This article reflects observations from programs that have gained financial support for nonclinical lay patient navigation programs. It will address financial considerations both from the perspective of leveraging hospital financial support and securing funding from community partners. The approaches described will assume the efficacy of patient navigation and not attempt to prove it in this article. Three areas of focus will be addressed when presenting patient navigation as a funding opportunity: how to identify financial champions for patient navigation, how to appeal to decision makers and investors, and how to build integrated programs that thrive for both patients and supporters alike.

Identify Champions

When considering successful patient navigation programs, a common essential component is a supportive champion. And while a patient navigation champion is often considered vital to drumming up political support in initiating a program, they are just as important in terms of securing the financial support to sustain it.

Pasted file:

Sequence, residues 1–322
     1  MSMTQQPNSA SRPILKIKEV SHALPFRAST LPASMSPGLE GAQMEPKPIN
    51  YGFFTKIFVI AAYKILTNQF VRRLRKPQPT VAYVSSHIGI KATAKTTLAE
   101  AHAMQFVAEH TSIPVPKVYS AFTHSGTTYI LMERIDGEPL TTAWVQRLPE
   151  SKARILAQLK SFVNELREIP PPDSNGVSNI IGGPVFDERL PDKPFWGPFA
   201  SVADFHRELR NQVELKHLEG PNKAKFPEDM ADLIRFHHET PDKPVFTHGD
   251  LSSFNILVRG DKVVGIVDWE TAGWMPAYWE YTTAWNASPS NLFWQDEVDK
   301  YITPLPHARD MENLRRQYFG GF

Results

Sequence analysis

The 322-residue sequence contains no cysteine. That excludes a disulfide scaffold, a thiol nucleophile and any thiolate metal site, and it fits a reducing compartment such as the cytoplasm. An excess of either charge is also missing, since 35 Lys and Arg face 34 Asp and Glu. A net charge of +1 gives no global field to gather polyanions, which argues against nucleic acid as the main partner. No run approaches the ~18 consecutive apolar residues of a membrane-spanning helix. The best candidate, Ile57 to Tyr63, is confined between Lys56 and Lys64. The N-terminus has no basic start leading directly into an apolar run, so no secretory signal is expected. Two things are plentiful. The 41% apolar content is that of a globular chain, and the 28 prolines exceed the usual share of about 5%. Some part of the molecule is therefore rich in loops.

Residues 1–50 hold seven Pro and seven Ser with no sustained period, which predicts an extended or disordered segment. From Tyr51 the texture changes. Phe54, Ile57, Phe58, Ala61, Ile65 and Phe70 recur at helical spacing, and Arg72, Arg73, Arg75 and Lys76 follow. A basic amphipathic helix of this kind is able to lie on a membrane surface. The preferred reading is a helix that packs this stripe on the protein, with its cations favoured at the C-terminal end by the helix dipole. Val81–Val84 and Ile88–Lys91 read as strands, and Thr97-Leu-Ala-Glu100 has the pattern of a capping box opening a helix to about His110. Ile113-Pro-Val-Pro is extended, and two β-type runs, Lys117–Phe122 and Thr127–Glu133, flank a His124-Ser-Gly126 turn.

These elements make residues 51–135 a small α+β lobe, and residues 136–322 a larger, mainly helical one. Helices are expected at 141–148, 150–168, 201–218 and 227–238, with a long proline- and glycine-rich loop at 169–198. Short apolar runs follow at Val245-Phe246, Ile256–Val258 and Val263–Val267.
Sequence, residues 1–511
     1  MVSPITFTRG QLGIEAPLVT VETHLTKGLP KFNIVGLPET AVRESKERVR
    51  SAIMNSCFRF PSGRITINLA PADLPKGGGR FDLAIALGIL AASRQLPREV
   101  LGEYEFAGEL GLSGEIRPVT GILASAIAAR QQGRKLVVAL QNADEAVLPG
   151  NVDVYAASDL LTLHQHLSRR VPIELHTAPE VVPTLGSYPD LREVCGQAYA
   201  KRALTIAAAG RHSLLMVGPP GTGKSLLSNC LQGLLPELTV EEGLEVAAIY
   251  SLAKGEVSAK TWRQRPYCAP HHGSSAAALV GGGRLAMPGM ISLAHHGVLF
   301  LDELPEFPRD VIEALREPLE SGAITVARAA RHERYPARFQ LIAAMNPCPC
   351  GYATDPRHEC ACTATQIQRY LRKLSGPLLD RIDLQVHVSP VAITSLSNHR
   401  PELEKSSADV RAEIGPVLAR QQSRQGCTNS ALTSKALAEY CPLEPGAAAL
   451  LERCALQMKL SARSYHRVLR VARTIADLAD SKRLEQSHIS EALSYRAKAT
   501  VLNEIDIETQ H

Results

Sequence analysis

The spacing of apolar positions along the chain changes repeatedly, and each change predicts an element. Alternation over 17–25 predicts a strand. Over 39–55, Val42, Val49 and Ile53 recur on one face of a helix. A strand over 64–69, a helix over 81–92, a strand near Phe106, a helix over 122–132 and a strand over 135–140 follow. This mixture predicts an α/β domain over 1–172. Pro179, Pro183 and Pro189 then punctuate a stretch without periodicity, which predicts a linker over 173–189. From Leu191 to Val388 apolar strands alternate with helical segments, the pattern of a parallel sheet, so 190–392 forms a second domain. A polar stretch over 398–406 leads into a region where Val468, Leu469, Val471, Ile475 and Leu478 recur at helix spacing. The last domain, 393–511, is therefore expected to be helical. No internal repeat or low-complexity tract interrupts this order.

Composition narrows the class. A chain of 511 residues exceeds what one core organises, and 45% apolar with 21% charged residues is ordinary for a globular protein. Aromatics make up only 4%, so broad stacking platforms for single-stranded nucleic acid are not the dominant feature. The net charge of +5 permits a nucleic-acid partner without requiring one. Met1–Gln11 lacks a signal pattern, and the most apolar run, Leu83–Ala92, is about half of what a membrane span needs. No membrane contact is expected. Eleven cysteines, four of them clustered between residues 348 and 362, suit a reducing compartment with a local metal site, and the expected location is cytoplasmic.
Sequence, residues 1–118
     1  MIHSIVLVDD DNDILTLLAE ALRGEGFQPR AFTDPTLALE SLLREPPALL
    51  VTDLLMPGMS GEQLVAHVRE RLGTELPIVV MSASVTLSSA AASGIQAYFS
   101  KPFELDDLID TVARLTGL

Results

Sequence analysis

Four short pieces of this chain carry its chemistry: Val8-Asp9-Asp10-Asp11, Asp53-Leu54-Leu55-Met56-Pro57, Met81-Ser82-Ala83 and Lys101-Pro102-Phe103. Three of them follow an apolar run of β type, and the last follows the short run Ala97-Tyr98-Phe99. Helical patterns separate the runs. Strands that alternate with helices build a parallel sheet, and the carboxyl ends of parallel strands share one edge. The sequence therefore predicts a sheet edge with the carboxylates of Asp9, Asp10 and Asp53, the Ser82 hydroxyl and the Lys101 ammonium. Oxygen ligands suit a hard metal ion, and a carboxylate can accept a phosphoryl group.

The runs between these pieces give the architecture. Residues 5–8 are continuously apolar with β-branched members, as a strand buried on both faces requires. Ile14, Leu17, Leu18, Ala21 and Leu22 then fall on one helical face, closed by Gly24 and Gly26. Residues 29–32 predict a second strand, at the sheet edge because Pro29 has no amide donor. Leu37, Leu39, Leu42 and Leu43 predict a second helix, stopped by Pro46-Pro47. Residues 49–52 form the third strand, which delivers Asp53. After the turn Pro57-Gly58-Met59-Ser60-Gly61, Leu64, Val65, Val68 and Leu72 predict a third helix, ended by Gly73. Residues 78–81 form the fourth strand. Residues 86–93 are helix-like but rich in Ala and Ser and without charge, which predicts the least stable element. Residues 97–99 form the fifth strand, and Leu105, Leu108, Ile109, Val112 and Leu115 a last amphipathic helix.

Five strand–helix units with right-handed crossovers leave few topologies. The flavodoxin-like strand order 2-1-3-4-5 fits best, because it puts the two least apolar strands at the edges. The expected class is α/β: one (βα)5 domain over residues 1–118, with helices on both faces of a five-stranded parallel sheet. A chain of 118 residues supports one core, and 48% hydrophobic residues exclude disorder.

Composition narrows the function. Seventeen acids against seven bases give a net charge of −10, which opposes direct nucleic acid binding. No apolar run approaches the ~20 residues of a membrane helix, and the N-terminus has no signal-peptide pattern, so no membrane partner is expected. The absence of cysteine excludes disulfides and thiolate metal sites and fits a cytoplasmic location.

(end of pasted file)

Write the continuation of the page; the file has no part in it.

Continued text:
One primary source for financial backing is through a private foundation or community partner. Powered by a booming stock market and a strong economy, charitable giving by foundations and corporations increased by 6% and 8%, respectively, in 2017, according to Giving USA 2018: The Annual Report on Philanthropy for the Year 2017.3 And since the recommendation from the President’s Cancer Panel to provide support to community-based programs like patient navigation almost 2 decades ago, there has been robust growth in creating programs and funding opportunities. Leading private funders of patient navigation include ACS, the Avon Foundation, and the Susan B. Komen Breast Cancer Foundation.2 While competition for philanthropy dollars is stiff, patient navigation can be an appealing funding opportunity for those wishing to have a direct impact in their local, underserved communities.

With growing pressure on administrators to lower costs, fiscal support for navigation can just as likely be found behind a desk as it is in the exam room. If grant funding is secured to implement patient navigation, data analysis can be performed to demonstrate navigation value that impacts patient care delivery and outcomes and provides return on investment. A 6-month Accenture-MetroHealth study showed that patient navigation helped reduce no-show and cancellation rates by 3%, and each full-time navigator added $150,000 in additional hospital revenue per year.4 Results like these can be persuasive justification when pushing for budgetary approval for a hospital-funded FTE patient navigator.